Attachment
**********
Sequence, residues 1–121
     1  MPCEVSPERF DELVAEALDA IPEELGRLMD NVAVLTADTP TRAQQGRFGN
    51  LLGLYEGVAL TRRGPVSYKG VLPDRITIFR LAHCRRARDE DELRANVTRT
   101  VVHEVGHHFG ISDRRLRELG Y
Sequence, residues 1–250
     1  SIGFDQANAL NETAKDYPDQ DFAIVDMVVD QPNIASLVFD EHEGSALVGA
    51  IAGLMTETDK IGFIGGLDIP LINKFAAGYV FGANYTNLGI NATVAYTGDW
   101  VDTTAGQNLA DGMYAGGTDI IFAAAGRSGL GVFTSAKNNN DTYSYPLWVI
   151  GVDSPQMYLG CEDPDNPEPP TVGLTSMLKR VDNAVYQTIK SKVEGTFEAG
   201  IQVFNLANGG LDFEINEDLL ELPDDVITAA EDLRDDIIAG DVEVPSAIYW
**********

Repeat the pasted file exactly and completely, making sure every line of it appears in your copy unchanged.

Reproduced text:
Sequence, residues 1–121
     1  MPCEVSPERF DELVAEALDA IPEELGRLMD NVAVLTADTP TRAQQGRFGN
    51  LLGLYEGVAL TRRGPVSYKG VLPDRITIFR LAHCRRARDE DELRANVTRT
   101  VVHEVGHHFG ISDRRLRELG Y
Sequence, residues 1–250
     1  SIGFDQANAL NETAKDYPDQ DFAIVDMVVD QPNIASLVFD EHEGSALVGA
    51  IAGLMTETDK IGFIGGLDIP LINKFAAGYV FGANYTNLGI NATVAYTGDW
   101  VDTTAGQNLA DGMYAGGTDI IFAAAGRSGL GVFTSAKNNN DTYSYPLWVI
   151  GVDSPQMYLG CEDPDNPEPP TVGLTSMLKR VDNAVYQTIK SKVEGTFEAG
   201  IQVFNLANGG LDFEINEDLL ELPDDVITAA EDLRDDIIAG DVEVPSAIYW